Long lamented that President Obama has been making a consummate mess of America's foreign policy, most recently in Syria, yet polls don't seem to reflect that Americans are as atuned to Obama's incompetence as one might expect — and hope. Nor do Americans seem to be bothered by Russian President Vladimir Putin's denunciation of the United States in an op-ed for The New York Times.

Long asked Podhoretz: "Has this ever happened before?"

Podhoretz responded that something along these lines has happened before in America. During the Cold War, there were many on the left who had no appetite for keeping the defense budget in sync with the Soviet buildup and no appetite for confrontation with the Soviet Union, which they believed was here to stay and so must be accommodated.

But, cautioned Podhoretz, "it's much worse now ... than it was then." He continued: "My deepest fear ... is that there's been a radical transformation in the American people, not just under Obama but building. ... I was absolutely certain that somebody as far left as Obama could never be elected and certainly not re-elected, because the America I thought I knew would not tolerate this, and of course, I was magnificently wrong, and ... I haven't made up my mind whether this was a temporary glitch ... or whether it signified some real change in the American character. I think Obama was even to the left of (George) McGovern, and McGovern ... won ... one state (and the District of Columbia) in 1972 against an unpopular president. And that was the America I thought still existed, and if it does, it's a sleeping giant, and one can only pray that it will awaken in time to make a difference."

That is the question. Has there been some real change in the American character or at least some change in Americans leading to their rejection of or mortal apathy toward the American idea?

Isn't that what Mitt Romney was getting at with his comment about the so-called 47 percent? Wasn't he expressing his fear that when as many Americans are receiving more from the government than they are contributing to it, we may have passed the point where we can preserve America as a uniquely productive free market dynamo committed to the goal of maintaining equal opportunity and equal protection under the law?

What with the steady coarsening of our culture, the generations-long America-bashing, liberal indoctrination occurring at all levels of American education, the steady march toward socialism (including the formerly unthinkable current path to socialized medicine), the nationally suicidal but preventable level of entitlements, the accelerated expansion of the welfare state and the accompanying demonization of wealth, the wealthy and producers, the increasing racial and economic strife and the election and re-election of the extraordinarily leftist Barack Obama, we would be irrational not to be concerned about America's future.

But is the demise of great "empires" organically inevitable? Do the forces of success ultimately corrupt them internally and prevent their survival?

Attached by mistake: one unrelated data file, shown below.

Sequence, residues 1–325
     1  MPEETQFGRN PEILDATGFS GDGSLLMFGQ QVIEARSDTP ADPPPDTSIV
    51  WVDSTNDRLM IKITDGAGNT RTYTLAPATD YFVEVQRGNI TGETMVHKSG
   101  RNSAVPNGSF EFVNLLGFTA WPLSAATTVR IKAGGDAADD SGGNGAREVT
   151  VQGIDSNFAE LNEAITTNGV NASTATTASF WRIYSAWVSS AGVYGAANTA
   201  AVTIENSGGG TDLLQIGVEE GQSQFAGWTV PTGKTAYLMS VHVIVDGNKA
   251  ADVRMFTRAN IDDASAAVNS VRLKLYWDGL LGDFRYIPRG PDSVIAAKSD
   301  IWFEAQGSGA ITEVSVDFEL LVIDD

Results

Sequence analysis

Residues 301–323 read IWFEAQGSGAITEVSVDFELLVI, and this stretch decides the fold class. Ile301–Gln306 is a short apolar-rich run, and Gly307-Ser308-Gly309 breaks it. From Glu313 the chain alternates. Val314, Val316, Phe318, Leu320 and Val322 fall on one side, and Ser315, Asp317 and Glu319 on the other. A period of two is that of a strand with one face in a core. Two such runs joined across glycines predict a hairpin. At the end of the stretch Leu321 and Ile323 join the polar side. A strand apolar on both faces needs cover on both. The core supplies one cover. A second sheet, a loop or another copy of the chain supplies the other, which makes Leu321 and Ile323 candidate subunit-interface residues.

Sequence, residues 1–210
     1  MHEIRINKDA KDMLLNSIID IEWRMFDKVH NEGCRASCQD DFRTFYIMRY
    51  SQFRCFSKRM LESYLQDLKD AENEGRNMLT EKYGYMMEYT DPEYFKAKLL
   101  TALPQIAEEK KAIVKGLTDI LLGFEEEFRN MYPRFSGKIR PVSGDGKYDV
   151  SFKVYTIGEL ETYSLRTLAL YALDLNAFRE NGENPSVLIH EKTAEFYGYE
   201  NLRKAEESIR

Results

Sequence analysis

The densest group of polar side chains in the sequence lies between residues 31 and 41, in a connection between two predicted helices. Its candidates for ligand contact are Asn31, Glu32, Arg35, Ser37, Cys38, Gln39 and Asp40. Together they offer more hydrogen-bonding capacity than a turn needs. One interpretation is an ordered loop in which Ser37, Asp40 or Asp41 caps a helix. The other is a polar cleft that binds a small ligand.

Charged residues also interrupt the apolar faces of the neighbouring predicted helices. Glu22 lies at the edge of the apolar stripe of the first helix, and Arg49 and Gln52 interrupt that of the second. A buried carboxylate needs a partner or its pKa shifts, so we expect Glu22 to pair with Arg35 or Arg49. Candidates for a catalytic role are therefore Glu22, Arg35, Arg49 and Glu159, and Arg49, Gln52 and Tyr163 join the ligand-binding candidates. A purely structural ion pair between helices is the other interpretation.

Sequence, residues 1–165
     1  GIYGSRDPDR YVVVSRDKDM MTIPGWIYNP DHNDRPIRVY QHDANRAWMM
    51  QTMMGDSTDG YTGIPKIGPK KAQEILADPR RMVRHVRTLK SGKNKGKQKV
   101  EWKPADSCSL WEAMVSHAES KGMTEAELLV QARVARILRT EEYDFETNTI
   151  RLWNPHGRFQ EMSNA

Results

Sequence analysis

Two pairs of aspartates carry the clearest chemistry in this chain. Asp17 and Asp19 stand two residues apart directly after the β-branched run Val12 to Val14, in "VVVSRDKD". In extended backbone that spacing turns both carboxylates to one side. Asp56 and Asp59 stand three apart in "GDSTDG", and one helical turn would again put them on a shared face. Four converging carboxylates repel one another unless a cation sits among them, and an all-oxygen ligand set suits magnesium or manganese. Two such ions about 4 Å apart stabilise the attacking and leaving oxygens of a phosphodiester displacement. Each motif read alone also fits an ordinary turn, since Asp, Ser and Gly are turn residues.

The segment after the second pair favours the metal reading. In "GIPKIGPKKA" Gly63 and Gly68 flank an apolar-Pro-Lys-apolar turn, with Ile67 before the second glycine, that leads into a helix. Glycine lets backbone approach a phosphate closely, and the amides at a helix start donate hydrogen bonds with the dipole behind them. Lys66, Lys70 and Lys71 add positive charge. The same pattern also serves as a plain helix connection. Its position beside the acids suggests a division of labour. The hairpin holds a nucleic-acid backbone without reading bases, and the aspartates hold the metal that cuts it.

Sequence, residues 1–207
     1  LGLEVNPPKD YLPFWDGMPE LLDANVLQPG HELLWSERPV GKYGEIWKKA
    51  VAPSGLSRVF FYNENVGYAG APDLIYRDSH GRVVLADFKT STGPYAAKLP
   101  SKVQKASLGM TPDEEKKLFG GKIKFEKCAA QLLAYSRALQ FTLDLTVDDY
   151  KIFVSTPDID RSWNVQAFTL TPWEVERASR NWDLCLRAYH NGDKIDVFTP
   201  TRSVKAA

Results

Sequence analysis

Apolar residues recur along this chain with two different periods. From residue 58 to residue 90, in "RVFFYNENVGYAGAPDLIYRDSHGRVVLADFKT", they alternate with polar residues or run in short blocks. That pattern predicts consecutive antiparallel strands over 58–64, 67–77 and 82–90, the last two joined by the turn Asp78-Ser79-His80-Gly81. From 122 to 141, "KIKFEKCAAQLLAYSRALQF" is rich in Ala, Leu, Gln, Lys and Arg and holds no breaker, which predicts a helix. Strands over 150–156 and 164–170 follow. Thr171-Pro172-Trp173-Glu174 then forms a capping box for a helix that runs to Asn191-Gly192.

Personally, I don't believe that the American character has yet fundamentally changed or that our demise is inevitable. We have a choice, but we are, admittedly, approaching the tipping point beyond which we may be powerless to prevent our implosion.

Though too many able-bodied people are receiving government benefits, I believe that most people haven't given up on themselves and would prefer to be working. Though the administration is sending the signal that they are all victims, many are far from accepting it.

In response to Podhoretz's question, I do believe the situation with President Obama is unique — or can be.

As my brother has opined with his Limbaugh theorem, Obama has been able to position himself as an outsider fighting the very failed policies he has implemented and thus to avoid personal and electoral accountability for them.

Interestingly, Obama's policies are decidedly unpopular with today's American people — not merely those of decades ago. Though they re-elected him and continue to give him far more support than he deserves, it was his policies they rejected in the 2010 elections, when the GOP "shellacked" Democrats in the congressional races. Republicans also retained control of the House in 2012, despite Obama's re-election. And all indications are that Democrats are going to be thrashed again in 2014 — precisely because of Obama's policies.

Notwithstanding many troubling signs in our culture, we are seeing evidence that the public rejects what Obama has been selling but just refuses to reject him.

So I believe there is reason for much hope, assuming the GOP can overcome its disunity, return to its core principles and navigate through the pitfalls of dealing with Obama's demagoguery on budget issues and the like between now and 2014 and then on to 2016 — and providing we can avoid going all the way over the financial cliff with Obama's obscene spending and his virtual war on domestic energy, capitalism, producers and the entire economy.

Republicans need not panic or change their own character based on the erroneous assumption that Americans reject America's founding principles and conservative principles. They just need to inspire the nation's enthusiasm again by articulating their ideas as if they actually believe in them and as if they reject the liberal conclusion that we are destined for decline and permanent malaise.


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David Limbaugh, a columnist and attorney practicing in Cape Girardeau, Mo. Comment by clicking here.

© 2013, Creators Syndicate